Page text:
Furlough has ended, however we need to care more for the wellbeing of our employees.
The hospitality industry has never experienced a time like this. Furlough ended on 30th September and I am sure it will bring with it an Autumn of discontent. When it was made available by the government, it was welcomed by the hospitality industry. When the industry closed down, it provided employers with the ability to retain their staff in preparation for the reopening.
We have now reached the end of the road and it is hitting the industry with a bang. However the big hit has already happened. The well-being and mental health of the staff in the sector has been pushed considerably in the past 18 months. When industry closed, staff were concerned for their future, would they be made redundant, or stay employed. Anxiety levels went through the roof and HR teams worked hard to support staff in the business to help stay mentally strong. We heard several stories of where individuals were so stressed they considered taking their own life. Furlough helped support the financial strain and many employers made up the difference to allow staff to receive a full pay.
The next concern and where anxiety returned, was when staff were invited back off furlough and to return to their work, often to a very different job that they had left months before. The stress and anxiety was about how well they would perform at the new role, as the new guidelines that had to be followed were complicated along with new induction training required. Staff concerns were also about would they keep their job, what would the future hold?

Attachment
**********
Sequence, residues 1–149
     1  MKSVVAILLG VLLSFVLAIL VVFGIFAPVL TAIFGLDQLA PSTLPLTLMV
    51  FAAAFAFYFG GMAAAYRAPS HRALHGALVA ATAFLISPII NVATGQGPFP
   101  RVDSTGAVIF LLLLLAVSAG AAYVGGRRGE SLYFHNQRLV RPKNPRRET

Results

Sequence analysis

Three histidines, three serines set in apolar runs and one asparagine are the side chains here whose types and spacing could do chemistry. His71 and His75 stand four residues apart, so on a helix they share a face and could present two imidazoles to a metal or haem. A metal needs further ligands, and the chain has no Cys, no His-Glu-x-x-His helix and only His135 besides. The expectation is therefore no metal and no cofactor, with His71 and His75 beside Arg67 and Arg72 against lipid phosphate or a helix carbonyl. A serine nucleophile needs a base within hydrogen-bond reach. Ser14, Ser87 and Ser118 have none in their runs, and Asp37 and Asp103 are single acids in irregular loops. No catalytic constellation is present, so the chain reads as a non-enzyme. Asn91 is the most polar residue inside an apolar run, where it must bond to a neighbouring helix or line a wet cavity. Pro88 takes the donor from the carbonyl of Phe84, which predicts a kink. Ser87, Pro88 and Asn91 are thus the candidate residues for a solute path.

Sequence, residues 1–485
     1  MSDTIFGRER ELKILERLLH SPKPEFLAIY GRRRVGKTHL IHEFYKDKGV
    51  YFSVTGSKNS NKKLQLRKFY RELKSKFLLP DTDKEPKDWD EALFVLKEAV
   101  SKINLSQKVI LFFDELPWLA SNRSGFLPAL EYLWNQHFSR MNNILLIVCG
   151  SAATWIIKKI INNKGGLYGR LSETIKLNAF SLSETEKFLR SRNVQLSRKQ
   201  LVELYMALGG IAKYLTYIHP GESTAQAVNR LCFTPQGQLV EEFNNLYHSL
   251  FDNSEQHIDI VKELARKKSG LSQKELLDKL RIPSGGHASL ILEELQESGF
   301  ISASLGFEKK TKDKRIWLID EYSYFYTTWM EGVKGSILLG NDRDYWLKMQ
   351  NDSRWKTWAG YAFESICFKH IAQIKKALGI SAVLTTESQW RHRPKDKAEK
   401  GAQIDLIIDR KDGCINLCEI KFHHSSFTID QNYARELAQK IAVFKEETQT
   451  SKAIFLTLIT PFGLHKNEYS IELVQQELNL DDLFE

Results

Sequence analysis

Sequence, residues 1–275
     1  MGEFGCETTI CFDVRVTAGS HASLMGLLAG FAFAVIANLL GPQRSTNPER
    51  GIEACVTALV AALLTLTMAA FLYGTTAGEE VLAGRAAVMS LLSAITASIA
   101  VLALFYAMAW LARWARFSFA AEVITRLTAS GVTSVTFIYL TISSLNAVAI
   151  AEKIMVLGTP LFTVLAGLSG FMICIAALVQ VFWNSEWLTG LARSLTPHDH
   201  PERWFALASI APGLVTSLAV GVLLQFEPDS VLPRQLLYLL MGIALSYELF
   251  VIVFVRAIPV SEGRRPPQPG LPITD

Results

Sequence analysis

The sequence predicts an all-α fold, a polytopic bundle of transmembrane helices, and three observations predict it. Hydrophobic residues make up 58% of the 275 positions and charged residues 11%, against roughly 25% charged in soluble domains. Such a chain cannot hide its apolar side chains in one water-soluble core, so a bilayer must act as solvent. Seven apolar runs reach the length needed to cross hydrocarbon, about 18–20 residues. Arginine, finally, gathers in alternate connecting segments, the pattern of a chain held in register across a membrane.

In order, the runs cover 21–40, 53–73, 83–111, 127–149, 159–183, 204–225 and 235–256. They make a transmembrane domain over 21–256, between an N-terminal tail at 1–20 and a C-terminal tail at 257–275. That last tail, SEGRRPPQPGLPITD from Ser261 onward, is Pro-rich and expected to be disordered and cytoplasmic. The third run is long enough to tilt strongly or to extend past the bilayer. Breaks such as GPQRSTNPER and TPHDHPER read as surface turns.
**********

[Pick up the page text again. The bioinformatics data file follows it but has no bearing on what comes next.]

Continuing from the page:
Following reopening, businesses were delighted to welcome back customers, however they were not expecting the behaviour displayed by many of them, their impatience, verbal abuse and disrespect for the staff was completely new and created further problems for staff wellbeing.
There has never been a time in the industry that staff have needed mental health support more. The charity Hospitality Health was set up 3 years ago primarily to support staff with addictions (alcohol, drug & gambling), and to try to get employers to create a better culture for their people. During the lockdown the support the charity offered was in great demand, for wellbeing and resilience advice, offering staff direction and support, funding Mental Health First Aid training and certification. The charity has grown in demand so much that to do it justice, Gordon McIntyre (founding chairman), has decided to retire from his full time job as the Associate Dean at City of Glasgow College, to spend more time growing the charity and providing the time that it needs to stay on top of the requests it is receiving.
Staff working in the sector are now stressed with the staff shortage and the strain it is putting on them working without full staffing levels in place, this is causing operators to change their opening hours. Several now are only open 4 days a week, allowing staff 3 days off, or only open for dinner, where they used to provide lunch service. It is all to protect the employed staff’s wellbeing. As furlough ends so does another lifeline to the industry, the 5% VAT charge is increased, before later reverting back to 20%, this will bring further pressures to owners and managers, who have had a cushion providing extra cash flow to the business.
So with Furlough ending on the 30th September, it will not create a dramatic change for businesses within the hospitality sector, unfortunately the damage has already been done. There are very few staff within the industry still on furlough, (some employed in sales and the events sector), the majority came back to work, when the sector re-opened. The problem it is now facing is that of a staff shortage. Owners and managers are finding solutions to ensure that the staff they have are not becoming burnt out, they need to focus on retention now!